Levin’s [sic again] thinks the prevailing post-Trump viewpoints define the problem too much in economic terms. The crucial problem, he argues, is not economic; it’s social: alienation. Millions of American [sic some more] don’t feel part of anything they can trust.

The flaw being, I guess, that this deconstructed or cubist picture of economic life hides the fact that classes and alienation in the Marxian sense really exist in our society. It ignores the owners of capital, whose share keeps increasing, the real engine of the poison resentment we all feel. Instead it sets up a phony battle between members of different status groups—uneducated mostly white men troubled by the lack of factory work fetishized as "The Working Class" against the people who do all the actual work in the services industries, in a very wide range of ethnic identities and education levels, with women of color at the dynamic (and actually revolutionary) center, to whom the Republicans still have nothing to offer, since they continue to reject the idea of government doing anything to make people's lives easier in favor of agreeing to provide, I don't know, some kind of abstract meaningfulness (more factory jobs because that's what dudes like, not because they'll be better off, as unions continue to be suppressed, or more able to enjoy family and community).

It sentimentalizes the "values" of workers (family, home, rootedness, nation) without asking what forces have deprived them of these necessaries (the rapacity of capital demanding long hours and day care for the kids, rented residence, transplantation to where the work is, tearing people apart) and left them alienated in the sense of having no control over the product of their labor. It's a bogus class struggle, misdirecting the resentment of "The Working Class" away from the actual causes of their alienation. It's a trick! And it's actually the same trick they've been pulling since 1968!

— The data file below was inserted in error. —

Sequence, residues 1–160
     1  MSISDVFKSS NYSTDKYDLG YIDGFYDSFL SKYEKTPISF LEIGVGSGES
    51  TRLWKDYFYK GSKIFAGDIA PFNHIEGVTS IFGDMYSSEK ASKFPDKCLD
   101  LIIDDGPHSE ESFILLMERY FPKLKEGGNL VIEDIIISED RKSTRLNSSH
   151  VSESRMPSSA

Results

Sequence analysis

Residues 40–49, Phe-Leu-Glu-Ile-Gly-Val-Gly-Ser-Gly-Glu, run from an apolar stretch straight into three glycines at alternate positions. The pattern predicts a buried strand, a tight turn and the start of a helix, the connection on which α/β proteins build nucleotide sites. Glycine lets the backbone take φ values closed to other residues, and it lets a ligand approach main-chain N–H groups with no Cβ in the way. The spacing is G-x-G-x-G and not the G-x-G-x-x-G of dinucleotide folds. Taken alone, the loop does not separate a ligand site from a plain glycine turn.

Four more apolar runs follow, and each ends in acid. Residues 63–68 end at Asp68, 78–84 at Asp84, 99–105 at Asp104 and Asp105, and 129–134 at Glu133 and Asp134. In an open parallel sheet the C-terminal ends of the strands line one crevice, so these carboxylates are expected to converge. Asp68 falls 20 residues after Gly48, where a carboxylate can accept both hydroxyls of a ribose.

And in all the crazy collision of contradictory "conservative" ideas banging like bump cars in the dialectic of Brooks's history, we see once more that there's only one conservative principle, the one Frank Wilhoit posted at Crooked Timber in March 2018 (which I've been misattributing to the 1970s and the political scientist Francis Wilhoit):

Conservatism consists of exactly one proposition, to wit:

There must be in-groups whom the law protects but does not bind, alongside out-groups whom the law binds but does not protect.